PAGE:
less than often than ocean sunfish, sharks and swordfish.
Swordfish Shark Ocean
Number of Animals
Figure 9. Select animals that were caught and discarded 2005-2015
Based on the data I analyzed, the bycatch produced by this fishery consisted of a diverse
array of marine species of all shapes and sizes. Thus, it is evident that drift gillnets are not
selective, and will catch almost any marine animal that swims or flies into the path of one. Based
on the vast size of the nets, they are a real threat to California’s marine wildlife. While all marine
wildlife is essential to the health of the marine ecosystem, the taking of the most vulnerable
species is of greatest concern. Of the species that were discarded, several are listed are listed as
“endangered” under the Federal Endangered Species Act (ESA). Therefore, killing only a small
number of these animals can result in catastrophic consequences for the survival of the entire
Number of Animals
species. For instance, the leatherback sea turtle population has declined 90% since the 1980’s,
and could be totally extinct by 2030 if nothing changes. Moreover, studies suggest that killing
more than one leatherback sea turtle every six years will significantly hamper recovery efforts of
this species (Karpa et al 2015). In the past ten years the California drift gillnet fishery has caught
three leatherback sea turtles, making this fishery a danger to the survival of this species. Along
with sea turtles, this fishery is also threatening the survival of several other endangered species.
Figure 4. Species listed as endangered under the Federal ESA that were caught and
Lastly, along with being harmful to marine wildlife, the California drift gillnet industry
does not appear to benefit California’s economy. According to the most recent Stock Assessment
and Fisheries Evaluation (SAFE) report, the California drift gillnet fishery generated a total of
$553,000 in revenue (PFMC 2015). Regulating this fishery has cost taxpayers between $1.3
million and $2.7 million a year (Karpa et al 2015). Therefore, this fishery could actually be
costing California more money than it produces in revenue.
Number of vessels and real (inflation adjusted) ex-vessel revenue ($1,000s) in the West
Coast drift gillnet fishery, 2005-2014
(PFMC 2015, pccouncil.org)
The California drift gillnet fishery has harmed and killed thousands of animals,
threatening the unique marine biodiversity of the West Coast. Moreover, this fishery is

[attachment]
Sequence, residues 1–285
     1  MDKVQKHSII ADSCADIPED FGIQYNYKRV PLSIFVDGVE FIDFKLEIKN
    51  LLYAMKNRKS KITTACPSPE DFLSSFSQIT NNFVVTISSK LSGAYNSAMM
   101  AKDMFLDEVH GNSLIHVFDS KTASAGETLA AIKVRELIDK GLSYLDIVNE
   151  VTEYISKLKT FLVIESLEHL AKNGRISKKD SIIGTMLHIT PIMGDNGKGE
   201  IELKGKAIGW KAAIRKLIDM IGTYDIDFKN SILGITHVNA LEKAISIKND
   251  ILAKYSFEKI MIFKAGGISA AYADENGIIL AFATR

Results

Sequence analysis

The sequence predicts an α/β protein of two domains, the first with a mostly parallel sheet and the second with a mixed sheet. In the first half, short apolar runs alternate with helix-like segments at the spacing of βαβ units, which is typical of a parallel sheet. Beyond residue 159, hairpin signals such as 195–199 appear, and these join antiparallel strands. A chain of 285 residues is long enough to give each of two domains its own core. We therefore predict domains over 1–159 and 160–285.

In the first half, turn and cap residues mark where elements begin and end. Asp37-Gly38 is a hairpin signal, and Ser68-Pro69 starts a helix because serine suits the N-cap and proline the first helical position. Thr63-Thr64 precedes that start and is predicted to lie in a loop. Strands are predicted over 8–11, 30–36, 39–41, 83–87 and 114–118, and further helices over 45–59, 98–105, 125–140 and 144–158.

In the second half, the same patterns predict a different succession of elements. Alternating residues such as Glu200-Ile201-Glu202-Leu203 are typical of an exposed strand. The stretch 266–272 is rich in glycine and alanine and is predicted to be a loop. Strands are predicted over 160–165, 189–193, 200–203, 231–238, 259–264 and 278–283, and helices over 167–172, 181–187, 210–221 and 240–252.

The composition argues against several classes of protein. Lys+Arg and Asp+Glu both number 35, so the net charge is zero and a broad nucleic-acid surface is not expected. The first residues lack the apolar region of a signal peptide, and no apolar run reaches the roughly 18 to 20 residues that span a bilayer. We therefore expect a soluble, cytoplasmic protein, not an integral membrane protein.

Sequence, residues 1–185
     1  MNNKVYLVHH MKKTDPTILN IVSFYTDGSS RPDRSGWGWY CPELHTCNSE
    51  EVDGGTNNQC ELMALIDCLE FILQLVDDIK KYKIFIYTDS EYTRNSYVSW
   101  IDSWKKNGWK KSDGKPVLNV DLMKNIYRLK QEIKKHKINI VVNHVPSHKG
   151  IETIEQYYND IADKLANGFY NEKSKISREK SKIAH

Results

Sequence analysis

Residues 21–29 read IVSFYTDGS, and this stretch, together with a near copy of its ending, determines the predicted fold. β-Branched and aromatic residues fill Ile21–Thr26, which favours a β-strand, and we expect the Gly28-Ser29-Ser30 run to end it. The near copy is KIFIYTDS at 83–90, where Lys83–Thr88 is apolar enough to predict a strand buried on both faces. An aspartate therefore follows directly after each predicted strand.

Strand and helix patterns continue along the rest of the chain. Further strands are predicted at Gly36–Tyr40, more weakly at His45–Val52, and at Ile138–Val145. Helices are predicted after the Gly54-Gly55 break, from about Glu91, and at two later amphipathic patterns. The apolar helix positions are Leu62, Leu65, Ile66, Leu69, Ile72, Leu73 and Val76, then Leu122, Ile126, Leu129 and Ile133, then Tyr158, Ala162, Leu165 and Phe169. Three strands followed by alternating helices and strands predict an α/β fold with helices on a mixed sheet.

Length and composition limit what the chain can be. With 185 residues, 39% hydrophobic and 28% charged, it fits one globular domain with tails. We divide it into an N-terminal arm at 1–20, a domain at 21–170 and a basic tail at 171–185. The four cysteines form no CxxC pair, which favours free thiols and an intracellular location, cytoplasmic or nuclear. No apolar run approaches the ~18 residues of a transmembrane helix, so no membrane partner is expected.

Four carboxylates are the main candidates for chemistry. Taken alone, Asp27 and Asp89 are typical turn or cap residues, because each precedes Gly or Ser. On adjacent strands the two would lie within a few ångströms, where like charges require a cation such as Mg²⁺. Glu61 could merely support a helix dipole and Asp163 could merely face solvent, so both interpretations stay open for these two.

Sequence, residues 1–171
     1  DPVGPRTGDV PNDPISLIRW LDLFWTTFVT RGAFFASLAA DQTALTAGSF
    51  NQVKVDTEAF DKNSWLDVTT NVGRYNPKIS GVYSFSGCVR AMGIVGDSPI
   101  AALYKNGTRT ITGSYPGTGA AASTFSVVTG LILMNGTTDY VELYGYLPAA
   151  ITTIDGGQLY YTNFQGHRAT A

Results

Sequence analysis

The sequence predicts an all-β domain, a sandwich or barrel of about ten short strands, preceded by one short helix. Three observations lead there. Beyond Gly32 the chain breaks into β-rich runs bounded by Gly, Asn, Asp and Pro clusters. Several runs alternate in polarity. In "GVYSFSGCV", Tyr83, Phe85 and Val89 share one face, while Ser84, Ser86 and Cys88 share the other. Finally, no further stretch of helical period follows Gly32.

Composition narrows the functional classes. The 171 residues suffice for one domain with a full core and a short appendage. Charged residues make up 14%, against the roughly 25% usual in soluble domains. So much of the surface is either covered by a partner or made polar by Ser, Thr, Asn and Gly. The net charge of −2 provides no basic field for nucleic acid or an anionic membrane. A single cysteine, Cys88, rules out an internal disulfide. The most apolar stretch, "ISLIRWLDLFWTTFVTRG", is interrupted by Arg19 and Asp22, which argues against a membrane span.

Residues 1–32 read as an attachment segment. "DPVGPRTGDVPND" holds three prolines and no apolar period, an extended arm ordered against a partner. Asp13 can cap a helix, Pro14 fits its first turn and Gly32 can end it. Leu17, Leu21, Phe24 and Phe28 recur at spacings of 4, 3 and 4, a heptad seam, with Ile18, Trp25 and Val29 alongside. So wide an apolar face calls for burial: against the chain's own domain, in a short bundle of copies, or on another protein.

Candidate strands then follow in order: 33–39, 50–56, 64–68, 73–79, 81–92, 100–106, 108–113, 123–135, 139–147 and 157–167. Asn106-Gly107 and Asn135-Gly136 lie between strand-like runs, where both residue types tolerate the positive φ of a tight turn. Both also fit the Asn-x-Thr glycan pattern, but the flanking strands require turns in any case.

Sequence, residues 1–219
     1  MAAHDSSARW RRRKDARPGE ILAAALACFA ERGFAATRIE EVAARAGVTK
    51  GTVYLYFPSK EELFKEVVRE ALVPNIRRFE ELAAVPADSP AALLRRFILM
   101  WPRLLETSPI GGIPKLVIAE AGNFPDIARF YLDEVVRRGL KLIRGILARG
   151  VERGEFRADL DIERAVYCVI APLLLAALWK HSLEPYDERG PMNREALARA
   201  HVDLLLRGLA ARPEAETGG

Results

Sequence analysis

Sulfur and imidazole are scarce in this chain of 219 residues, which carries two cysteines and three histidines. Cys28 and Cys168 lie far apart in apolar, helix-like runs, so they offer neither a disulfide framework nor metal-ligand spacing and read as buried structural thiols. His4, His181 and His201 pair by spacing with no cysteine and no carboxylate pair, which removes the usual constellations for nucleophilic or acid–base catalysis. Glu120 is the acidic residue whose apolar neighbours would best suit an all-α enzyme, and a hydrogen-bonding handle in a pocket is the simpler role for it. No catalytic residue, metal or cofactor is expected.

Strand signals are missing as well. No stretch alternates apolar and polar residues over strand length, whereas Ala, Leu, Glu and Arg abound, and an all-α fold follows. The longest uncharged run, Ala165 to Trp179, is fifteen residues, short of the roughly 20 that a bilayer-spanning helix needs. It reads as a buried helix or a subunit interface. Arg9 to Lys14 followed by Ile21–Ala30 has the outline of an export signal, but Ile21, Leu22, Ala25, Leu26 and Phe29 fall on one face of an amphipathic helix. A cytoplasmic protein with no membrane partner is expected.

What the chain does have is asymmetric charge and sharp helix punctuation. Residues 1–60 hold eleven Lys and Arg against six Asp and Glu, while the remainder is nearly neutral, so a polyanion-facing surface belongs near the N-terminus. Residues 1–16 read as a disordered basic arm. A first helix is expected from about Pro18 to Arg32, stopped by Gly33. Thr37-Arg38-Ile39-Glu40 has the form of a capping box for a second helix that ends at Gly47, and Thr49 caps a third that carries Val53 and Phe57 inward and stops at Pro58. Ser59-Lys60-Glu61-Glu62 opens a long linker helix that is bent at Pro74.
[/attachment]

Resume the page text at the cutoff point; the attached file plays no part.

contributing to the global problem of overfishing and deterioration of the marine ecosystem. As a
leader in environmental conservation, California should be setting the precedent for a global
sustainable fishing movement. Furthermore, the California drift gillnet industry provides less
than one percent of the entire revenue of the California fishing industry, and may even be costing
more money than it produces (Karpa et al 2015). Therefore, my first policy suggestion is
enacting legislation that immediately bans the use of drift gillnets and discontinues the issuance
of permits for this gear. Banning drift gillnets will benefit marine wildlife and save taxpayers
money by eliminating the costs of regulating this fishery.
Although this fishery employs very few people, the livelihood of the drift gillnet
fishermen should be taken into account. My second policy suggestion is to incentivize the use of
more sustainable gear, including deep-set buoy gear. Deep-set buoy gear is an alternative to drift
gillnets, and produces a fraction of the bycatch. This gear was authorized on the East Coast, and
has produced positive results (PEW Charitable Trusts 2015). California should authorize deep-
set buoy gear and make it easily available at a reasonable cost to people who are currently
holding drift gillnet permits. This should help minimize the cost for fishermen who will no
longer be able to use drift gillnets.
Lastly, California should prioritize the creation of more Marine Protected Areas (MPA)
to mitigate the damage that has already been done by overfishing and other unsustainable
activities. MPA’s are designated spaces of the ocean where human activities, like fishing, are
more strictly regulated than the rest of the ocean. California currently is home to a total of 124
designated MPA’s. Research has shown that MPA’s improve marine biodiversity, boost fisheries
and support overall ocean health (Ocean Conservancy 2016). Moreover, California’s coast is
important to the economy due to the large amount of tourists it attracts. Creating more MPA’s
will ensure that the coast remains pristine and continues to attract visitors from all over the
world. Lastly, creating more MPA’ s will ensure that California’s priceless marine population
and habitats remain protected for years to come.